FFRF, back in 2014, learned a lot about Hibbs and his congregation after we sued the Chino Valley Unified School District Board of Education — in part because of interference by church members with school board meetings. FFRF was begged to file suit by local parents, who complained that the meetings “resemble a church service more than a school board meeting.” There was such an outpouring of support that we amended our complaint a month after we filed suit to include 18 additional plaintiffs!
Our plaintiffs consisted of families with students in the school or school employees who had prayers foisted on them. Chino Valley School board meetings opened with a prayer and often included bible reading and proselytizing by board members. Board President James Na injected Christianity into many official statements — and even “urged everyone who does not know Jesus Christ to go and find Him.”
It’s no coincidence that Na’s spiritual advisor was “Pastor Jack,” described at that time as “active in the Calvary Chapel Chino Hills Watchman Ministry,” designed “to promote a biblical worldview in all spheres of society, culture and public policy.”
FFRF handily won that suit in 2018, with both the federal district court and the 9th U.S. Circuit Court of Appeals ruling in our favor. But Hibbs’ work to undermine secular values continues. FFRF has reported him to the IRS twice since then, once in 2019 for planting campaign signs for the local school board on the lawn of his church, and again in 2022 for openly endorsing a candidate to replace incumbent California Gov. Gavin Newsom in a failed recall election attempt.
The megachurch’s malevolent influence over the Chino Valley school district has remained divisive. Hibbs helped elect to the school board a new member who told a parents rights rally that there was a “spiritual battle” for their children and they must answer the call from God. School board meetings have attracted the Proud Boys and other extremists, according to the Daily Beast, which calls Hibbs “the man behind the curtain.”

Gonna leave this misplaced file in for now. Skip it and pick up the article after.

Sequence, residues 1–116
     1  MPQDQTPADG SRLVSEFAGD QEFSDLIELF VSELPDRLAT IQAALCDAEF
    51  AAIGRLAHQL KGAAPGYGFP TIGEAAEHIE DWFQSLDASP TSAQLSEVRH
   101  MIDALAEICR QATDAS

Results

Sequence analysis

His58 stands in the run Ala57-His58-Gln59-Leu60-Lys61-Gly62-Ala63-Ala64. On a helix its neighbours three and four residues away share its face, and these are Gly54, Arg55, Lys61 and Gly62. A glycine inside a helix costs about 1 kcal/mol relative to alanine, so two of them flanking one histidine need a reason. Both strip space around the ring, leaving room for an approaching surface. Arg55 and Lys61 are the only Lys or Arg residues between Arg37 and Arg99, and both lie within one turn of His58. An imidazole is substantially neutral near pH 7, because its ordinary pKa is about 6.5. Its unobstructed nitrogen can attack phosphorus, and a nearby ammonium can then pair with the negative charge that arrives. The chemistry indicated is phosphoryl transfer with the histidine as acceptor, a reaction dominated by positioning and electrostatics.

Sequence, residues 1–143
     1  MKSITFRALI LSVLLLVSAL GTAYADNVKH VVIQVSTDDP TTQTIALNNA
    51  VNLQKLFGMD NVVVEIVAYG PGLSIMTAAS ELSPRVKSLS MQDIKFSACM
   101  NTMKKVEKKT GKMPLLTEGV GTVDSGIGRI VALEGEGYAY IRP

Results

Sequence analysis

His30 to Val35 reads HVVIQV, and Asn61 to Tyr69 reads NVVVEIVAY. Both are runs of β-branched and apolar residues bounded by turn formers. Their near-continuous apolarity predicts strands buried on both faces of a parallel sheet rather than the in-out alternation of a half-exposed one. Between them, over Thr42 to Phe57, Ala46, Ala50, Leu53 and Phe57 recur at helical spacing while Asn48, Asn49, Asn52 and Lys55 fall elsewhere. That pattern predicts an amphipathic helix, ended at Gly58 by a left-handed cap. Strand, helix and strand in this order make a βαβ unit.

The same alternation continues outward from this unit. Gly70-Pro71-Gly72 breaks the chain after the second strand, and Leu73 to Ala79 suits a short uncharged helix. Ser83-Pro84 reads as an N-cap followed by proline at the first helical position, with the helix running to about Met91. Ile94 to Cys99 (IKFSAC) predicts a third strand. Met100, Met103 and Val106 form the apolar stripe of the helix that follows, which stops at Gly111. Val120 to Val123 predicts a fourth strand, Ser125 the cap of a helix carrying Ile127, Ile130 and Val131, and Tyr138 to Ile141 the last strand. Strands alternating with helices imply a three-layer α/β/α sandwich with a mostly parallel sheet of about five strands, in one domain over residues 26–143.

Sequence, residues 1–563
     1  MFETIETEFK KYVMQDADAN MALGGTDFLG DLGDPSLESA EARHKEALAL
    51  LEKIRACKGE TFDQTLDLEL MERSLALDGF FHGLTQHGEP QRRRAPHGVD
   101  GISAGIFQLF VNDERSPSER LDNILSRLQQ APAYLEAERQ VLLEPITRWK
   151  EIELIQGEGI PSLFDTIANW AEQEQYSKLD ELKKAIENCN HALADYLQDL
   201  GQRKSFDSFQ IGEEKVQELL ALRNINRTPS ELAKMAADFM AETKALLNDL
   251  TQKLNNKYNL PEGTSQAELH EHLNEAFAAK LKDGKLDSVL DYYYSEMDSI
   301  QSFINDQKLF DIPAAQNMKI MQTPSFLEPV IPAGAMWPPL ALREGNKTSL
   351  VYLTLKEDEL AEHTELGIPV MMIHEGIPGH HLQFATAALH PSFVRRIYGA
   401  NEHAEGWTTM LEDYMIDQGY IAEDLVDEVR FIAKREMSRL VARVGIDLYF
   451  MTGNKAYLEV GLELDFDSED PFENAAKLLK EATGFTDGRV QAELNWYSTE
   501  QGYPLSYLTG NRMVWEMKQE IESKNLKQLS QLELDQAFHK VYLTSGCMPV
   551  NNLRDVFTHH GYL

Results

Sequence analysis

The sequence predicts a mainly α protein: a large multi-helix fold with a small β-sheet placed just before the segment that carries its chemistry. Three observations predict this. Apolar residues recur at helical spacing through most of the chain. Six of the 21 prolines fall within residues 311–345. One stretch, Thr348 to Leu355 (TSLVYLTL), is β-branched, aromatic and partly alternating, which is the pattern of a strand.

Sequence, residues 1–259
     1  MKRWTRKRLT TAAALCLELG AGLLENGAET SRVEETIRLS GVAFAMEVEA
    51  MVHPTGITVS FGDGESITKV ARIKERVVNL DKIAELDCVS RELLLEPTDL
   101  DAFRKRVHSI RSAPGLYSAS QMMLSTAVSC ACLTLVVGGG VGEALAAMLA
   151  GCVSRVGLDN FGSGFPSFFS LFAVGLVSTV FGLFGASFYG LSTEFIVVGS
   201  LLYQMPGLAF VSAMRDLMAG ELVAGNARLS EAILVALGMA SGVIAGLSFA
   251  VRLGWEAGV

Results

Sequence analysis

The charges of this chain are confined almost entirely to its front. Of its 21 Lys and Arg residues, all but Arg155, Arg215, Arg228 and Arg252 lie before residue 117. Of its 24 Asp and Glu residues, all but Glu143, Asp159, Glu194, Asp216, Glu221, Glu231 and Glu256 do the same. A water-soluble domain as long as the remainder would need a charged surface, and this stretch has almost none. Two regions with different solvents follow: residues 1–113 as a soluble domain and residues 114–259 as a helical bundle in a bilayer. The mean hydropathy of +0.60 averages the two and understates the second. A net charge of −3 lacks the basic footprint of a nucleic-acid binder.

Unfortunately, yesterday Hibbs was the man front, left and center in Congress and that was a debasement of the People’s House. We need to drop legislative prayers, as James Madison urged. He asked in the Detached Memoranda of 1820: “Is the appointment of chaplains to the two Houses of Congress consistent with the Constitution, and with the pure principle of religious freedom? In strictness, the answer on both points must be in the negative. … The establishment of the chaplainship to Congress is a palpable violation of equal rights, as well as of constitutional principles.”
It’s time in a nation predicated on a secular Constitution to end this congressional exercise in piety and pandering. Members of Congress can pray or attend prayer on their own time and dime, and spare the rest of us the fatuous vaporizings from an unpatriotic pastor that we were subjected to yesterday.
The Freedom From Religion Foundation is a national nonprofit organization with over 40,000 members and several chapters across the country. Our purposes are to protect the constitutional principle of separation between state and church, and to educate the public on matters relating to nontheism.